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Caltrans grants $1.7M to San Diego County climate resilience transit projects

The CalTrans logo appears on the back of a person's safety vest. Oceanside, Calif. April 5, 2023.
The CalTrans logo appears on the back of a person's safety vest. Oceanside, Calif. April 5, 2023.

The California Department of Transportation is awarding more than $1.7 million in planning grants to San Diego County projects, part of more than $51.4 million being awarded statewide to make the state's transportation system more resilient to climate change.

According to Caltrans, the selected projects will "help reduce planet- warming pollution, improve resiliency of the state highway system, enhance access to safe walkways and bike paths and expand natural disaster preparedness."

The local projects include:

  • $600,000 for the development of a multimodal mobility plan for San Diego's Mid-City area to identify safety improvements for bicyclists and pedestrians, improve first-mile/last-mile connectivity to transit and increase connections to neighboring communities;
  • $400,000 for Vista's Sustainable Mobility Plan to speed up the adoption of complete streets, prioritizing projects that improve safety, accessibility and convenience for pedestrians, cyclists and public transit users;
  • $367,591 for the North County Transit District to develop a Gender Action Plan intended to "mitigate the mobility burden" on women and gender- nonconforming groups; and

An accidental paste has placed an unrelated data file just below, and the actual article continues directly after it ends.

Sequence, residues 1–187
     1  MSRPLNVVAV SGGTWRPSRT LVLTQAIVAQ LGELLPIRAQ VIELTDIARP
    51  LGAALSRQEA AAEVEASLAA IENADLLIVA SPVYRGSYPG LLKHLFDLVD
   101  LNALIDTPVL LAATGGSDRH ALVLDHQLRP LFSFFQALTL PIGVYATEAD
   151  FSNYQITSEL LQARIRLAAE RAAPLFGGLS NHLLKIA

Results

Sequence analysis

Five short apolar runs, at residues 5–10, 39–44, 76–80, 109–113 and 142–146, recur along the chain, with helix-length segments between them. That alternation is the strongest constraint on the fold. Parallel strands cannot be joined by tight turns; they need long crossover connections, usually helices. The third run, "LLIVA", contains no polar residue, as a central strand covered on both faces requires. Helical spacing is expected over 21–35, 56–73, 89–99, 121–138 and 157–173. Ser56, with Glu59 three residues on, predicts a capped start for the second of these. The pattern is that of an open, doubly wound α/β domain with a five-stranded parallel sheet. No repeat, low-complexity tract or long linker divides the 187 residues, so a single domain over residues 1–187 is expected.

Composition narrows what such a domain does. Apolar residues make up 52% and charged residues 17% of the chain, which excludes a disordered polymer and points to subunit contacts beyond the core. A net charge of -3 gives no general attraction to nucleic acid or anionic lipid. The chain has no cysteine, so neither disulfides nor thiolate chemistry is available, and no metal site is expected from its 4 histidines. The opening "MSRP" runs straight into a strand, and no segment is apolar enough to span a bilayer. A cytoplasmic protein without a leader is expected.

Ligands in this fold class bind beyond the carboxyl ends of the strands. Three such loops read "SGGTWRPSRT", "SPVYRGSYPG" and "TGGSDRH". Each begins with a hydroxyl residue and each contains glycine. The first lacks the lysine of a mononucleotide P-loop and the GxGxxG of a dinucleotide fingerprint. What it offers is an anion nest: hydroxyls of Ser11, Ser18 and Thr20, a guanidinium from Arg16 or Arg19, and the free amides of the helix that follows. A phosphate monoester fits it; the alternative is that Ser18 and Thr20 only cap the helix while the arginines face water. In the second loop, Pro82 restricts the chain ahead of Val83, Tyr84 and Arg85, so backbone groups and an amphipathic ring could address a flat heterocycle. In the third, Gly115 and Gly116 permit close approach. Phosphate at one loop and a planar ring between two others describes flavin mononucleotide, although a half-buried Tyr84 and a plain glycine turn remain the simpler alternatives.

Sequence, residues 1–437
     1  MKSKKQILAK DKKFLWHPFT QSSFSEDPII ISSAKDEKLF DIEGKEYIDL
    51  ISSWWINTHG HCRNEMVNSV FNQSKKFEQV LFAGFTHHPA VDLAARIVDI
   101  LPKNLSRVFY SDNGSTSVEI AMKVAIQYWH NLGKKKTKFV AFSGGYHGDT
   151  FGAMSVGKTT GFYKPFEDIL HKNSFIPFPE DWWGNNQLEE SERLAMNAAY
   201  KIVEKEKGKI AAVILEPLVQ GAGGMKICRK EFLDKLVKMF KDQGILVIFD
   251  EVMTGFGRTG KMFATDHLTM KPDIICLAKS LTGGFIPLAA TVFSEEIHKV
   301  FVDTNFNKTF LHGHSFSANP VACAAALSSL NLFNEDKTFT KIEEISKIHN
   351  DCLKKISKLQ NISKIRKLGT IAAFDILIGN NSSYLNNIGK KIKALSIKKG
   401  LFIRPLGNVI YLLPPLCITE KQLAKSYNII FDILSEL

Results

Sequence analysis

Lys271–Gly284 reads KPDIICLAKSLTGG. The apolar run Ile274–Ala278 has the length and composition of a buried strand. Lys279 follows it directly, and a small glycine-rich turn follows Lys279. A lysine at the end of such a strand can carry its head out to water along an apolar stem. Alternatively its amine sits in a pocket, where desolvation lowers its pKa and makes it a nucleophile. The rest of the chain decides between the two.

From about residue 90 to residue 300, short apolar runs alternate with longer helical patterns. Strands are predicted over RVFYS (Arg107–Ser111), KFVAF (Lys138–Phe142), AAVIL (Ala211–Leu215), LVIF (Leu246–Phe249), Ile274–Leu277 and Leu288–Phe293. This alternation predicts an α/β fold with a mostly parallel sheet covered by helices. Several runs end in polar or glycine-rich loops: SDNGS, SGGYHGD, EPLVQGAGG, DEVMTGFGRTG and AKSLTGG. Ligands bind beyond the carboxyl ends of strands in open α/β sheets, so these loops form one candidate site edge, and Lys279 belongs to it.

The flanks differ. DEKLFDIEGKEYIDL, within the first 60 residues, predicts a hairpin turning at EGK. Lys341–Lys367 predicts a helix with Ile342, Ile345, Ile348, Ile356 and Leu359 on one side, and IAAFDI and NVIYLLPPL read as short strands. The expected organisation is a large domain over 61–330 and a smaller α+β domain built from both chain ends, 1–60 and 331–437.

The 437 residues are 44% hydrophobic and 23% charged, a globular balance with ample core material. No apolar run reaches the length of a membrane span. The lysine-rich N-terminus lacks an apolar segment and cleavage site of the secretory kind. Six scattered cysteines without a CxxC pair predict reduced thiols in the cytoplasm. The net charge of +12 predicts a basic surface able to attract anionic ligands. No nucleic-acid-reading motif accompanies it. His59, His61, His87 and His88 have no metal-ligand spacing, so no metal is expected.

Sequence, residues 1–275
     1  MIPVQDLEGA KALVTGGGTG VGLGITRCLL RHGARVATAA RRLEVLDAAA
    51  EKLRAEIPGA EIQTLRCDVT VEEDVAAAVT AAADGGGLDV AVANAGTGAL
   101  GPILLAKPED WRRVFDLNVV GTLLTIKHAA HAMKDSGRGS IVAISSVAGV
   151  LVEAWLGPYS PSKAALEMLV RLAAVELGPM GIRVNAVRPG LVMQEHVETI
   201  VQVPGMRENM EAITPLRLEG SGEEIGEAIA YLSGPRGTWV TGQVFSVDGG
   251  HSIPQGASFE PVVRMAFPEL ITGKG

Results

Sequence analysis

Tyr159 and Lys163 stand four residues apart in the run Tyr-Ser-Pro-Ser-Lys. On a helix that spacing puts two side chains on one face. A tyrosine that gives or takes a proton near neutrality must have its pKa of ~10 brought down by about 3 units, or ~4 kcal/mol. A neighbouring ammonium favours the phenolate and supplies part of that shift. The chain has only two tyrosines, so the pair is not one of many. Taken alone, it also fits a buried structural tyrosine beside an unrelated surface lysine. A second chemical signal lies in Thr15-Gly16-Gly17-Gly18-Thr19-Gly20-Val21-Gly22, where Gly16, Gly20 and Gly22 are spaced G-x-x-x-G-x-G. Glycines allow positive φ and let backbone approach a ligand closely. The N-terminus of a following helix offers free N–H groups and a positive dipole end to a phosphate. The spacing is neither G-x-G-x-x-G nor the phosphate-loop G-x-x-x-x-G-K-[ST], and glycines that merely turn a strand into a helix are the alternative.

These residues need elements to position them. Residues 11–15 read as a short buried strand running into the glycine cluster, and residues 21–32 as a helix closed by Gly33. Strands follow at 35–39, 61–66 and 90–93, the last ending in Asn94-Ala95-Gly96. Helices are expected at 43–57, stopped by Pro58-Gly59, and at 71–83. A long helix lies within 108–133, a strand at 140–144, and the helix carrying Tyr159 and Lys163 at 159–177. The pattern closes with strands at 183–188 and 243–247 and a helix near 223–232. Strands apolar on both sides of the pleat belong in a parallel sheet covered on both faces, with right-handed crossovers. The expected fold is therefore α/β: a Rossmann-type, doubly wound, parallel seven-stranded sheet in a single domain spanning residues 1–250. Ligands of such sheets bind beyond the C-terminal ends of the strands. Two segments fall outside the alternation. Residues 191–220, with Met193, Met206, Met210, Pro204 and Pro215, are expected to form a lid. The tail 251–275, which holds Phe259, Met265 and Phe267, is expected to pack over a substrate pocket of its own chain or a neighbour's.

• $344,521 for the NCTD to study a plan to enhance the travel time efficiency of its BREEZE bus service using advanced transit signal priority technology.

"California is at the forefront of planning transportation projects built to help underserved communities withstand the effects of climate change," Caltrans Director Tony Tavares said. "By working closely with local partners, we can maintain a sustainable, adaptable and resilient transportation system that will serve all Californians far into the future."

Of the total awarded around the state, $48.3 million — or 94% — will benefit disadvantaged communities, officials said.

Nearly $29 million of the funding comes from one-time state and federal sources made possible by Gov. Gavin Newsom's $15 billion clean transportation package in the 2022-23 state budget, according to a Caltrans statement.

Another $12.4 million comes from Senate Bill 1, the Road Repair and Accountability Act of 2017.